Simple food swaps could have a major environmental impact –

Switching to environmentally friendly food and drink alternatives could reduce greenhouse gas emissions from household groceries by more than a quarter. Making more significant food swaps, such as opting for vegetarian over meat products, could reduce emissions by up to 71 percent.
This is the conclusion of a new study led by the George Institute for Global Health and Imperial College London.
“The food and beverage sector ranks second only to the energy sector in terms of global contributions to carbon dioxide equivalent greenhouse gas emissions,” noted the study authors. 
“Food and beverage consumption patterns, particularly in higher-income countries, need to change substantially to become environmentally sustainable according to the Paris Climate Agreement and other international reports.”
“Dietary habits need to change significantly if we are to meet global emissions targets, particularly in high-income countries like Australia, the UK, and the US,” said lead author Allison Gaines, a PhD student in food policy at the George Institute. 
“But while consumers are increasingly aware of the environmental impact of the food system and willing to make more sustainable food choices, they lack reliable information to identify the more environmentally friendly options.”
The researchers analyzed data on greenhouse gas emissions and sales from tens of thousands of supermarket products, reflecting the Western diet. 
The team used information on ingredients, weights, and production life cycles from the George Institute’s FoodSwitch database and global environmental impact datasets to calculate projected emissions from the annual grocery purchases of 7,000 Australian households.
Swaps within the same sub-categories of foods could reduce emissions by 26 percent in Australia, equivalent to taking over 1.9 million cars off the road. More significant changes within minor food categories could lead to a 71 percent reduction. 
“The results of our study show the potential to significantly reduce our environmental impact by switching like-for-like products. This is also something consumers in the UK could, and would probably like, to do if we put emissions information onto product labels,” Gaines explained.
Importantly, the switches would not compromise the overall healthiness of food. “We showed that you can switch to lower emissions products while still enjoying nutritious foods. In fact, we found it would lead to a slight reduction in the proportion of ultra-processed foods purchased, which is a positive outcome because they’re generally less healthy,” said Gaines.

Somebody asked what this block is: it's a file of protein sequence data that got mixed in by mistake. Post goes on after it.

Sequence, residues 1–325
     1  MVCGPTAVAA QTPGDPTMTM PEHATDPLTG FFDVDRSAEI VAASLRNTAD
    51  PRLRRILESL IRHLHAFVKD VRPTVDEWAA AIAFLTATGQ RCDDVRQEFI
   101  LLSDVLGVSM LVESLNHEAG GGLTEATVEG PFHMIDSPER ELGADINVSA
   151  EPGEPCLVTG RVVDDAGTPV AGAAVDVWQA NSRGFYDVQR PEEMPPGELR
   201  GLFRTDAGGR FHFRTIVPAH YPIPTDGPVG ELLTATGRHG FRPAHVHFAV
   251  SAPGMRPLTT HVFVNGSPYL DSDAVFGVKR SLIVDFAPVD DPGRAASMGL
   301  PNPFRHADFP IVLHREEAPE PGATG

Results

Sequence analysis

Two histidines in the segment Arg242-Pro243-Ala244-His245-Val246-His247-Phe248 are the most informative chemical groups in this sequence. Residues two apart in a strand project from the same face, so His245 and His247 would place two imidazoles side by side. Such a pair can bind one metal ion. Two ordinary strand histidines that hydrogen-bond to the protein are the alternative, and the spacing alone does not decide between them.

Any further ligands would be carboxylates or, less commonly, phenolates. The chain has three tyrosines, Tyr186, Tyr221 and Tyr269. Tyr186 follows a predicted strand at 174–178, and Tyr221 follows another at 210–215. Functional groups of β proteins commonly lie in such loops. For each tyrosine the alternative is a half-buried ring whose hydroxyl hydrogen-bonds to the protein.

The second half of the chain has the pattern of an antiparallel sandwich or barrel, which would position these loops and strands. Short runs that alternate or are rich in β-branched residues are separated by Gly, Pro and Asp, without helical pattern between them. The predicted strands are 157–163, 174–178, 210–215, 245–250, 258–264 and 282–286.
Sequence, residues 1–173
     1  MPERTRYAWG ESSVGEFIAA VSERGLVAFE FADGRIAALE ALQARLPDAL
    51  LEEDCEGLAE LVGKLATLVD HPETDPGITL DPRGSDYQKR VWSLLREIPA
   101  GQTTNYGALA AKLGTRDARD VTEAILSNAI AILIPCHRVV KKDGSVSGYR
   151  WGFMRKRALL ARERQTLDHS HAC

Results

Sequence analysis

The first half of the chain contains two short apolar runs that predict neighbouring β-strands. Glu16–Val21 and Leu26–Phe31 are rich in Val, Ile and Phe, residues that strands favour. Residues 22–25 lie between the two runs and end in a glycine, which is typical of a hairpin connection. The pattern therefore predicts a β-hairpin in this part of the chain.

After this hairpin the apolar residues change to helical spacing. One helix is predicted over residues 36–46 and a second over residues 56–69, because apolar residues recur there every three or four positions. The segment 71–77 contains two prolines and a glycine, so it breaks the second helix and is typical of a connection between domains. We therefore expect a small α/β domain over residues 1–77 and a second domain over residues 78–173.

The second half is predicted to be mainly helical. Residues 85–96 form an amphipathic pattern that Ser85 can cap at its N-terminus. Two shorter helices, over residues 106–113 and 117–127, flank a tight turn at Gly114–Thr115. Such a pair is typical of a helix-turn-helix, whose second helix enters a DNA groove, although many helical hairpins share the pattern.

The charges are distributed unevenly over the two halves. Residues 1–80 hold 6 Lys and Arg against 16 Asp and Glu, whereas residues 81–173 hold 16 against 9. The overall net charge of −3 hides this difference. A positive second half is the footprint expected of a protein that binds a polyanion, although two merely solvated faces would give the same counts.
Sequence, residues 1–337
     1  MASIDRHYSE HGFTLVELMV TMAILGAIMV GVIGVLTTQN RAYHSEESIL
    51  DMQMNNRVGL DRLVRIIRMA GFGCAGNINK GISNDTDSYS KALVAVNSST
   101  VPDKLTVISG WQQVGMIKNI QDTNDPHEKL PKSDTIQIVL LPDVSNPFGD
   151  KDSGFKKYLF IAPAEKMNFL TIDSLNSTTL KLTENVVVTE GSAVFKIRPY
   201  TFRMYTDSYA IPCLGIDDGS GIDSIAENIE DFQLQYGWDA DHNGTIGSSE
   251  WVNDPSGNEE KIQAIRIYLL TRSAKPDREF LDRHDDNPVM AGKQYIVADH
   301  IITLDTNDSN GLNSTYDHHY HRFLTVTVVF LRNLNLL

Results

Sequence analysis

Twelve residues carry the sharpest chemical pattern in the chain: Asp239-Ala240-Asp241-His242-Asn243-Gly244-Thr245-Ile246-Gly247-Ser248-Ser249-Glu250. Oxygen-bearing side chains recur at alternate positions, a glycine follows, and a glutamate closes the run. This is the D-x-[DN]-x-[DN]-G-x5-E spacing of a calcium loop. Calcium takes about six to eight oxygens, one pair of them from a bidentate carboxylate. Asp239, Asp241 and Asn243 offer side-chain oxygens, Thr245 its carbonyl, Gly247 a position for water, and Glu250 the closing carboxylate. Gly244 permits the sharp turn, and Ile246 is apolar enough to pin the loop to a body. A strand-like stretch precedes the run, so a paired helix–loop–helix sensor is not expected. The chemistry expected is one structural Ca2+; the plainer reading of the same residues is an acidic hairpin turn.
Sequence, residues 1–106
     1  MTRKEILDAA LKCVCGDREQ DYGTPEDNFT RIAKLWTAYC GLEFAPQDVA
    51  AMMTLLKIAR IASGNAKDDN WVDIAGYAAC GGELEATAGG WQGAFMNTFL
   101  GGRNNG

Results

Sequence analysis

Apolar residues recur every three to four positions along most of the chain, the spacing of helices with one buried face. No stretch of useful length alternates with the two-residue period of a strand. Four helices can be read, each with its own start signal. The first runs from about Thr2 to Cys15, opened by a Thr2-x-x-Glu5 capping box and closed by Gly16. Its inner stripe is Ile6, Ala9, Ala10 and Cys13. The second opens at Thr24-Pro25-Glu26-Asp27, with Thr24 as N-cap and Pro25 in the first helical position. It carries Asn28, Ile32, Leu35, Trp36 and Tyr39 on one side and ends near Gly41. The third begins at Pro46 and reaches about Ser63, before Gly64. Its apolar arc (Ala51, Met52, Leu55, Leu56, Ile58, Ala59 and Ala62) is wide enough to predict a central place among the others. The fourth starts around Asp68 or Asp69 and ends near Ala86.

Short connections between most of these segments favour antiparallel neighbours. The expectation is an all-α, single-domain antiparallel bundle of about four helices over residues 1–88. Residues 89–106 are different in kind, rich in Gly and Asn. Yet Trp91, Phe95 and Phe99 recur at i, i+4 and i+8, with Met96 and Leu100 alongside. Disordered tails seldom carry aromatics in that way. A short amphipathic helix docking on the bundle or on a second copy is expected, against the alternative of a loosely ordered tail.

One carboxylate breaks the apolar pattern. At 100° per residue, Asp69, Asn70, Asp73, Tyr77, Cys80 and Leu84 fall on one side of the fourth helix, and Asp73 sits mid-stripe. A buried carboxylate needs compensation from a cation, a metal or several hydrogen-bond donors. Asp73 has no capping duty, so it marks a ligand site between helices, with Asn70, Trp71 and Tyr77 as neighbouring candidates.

The analysis found that meat products contributed almost half (49%) of all greenhouse gas emissions but only made up 11 percent of total purchases. Conversely, fruits, vegetables, nuts, and legumes accounted for 25 percent of all purchases but only five percent of emissions.
Globally, the food and agriculture sector contributes to about one-third of greenhouse gas emissions, with combined health and environmental costs estimated at 10-14 trillion USD per year. Over 12 million deaths annually could be prevented with a transition to healthy, low-emission diets
“There is currently no standardized framework for regulating the climate or planetary health parameters of our food supply, and voluntary measures have not been widely adopted by most countries,” said Bruce Neal, executive director at the George Institute Australia and professor of clinical epidemiology at Imperial College London.
“This research shows how innovative ways of approaching the problem could enable consumers to make a real impact.”
The George Institute has developed a free app called ecoSwitch, available in Australia, which allows shoppers to scan a product barcode and check its ‘Planetary Health Rating,’ indicating the product’s emissions on a scale from half a star (high emissions) to five stars (low emissions). 
The institute plans to extend the ecoSwitch algorithm to include other environmental indicators such as land and water use and biodiversity and to introduce the tool in other countries.
“While ecoSwitch is a much-needed first step in providing environmental transparency for grocery shoppers, the vision is for mandatory display of a single, standardized sustainability rating system on all supermarket products,” Neal concluded.
The study is published in the journal Nature Food.
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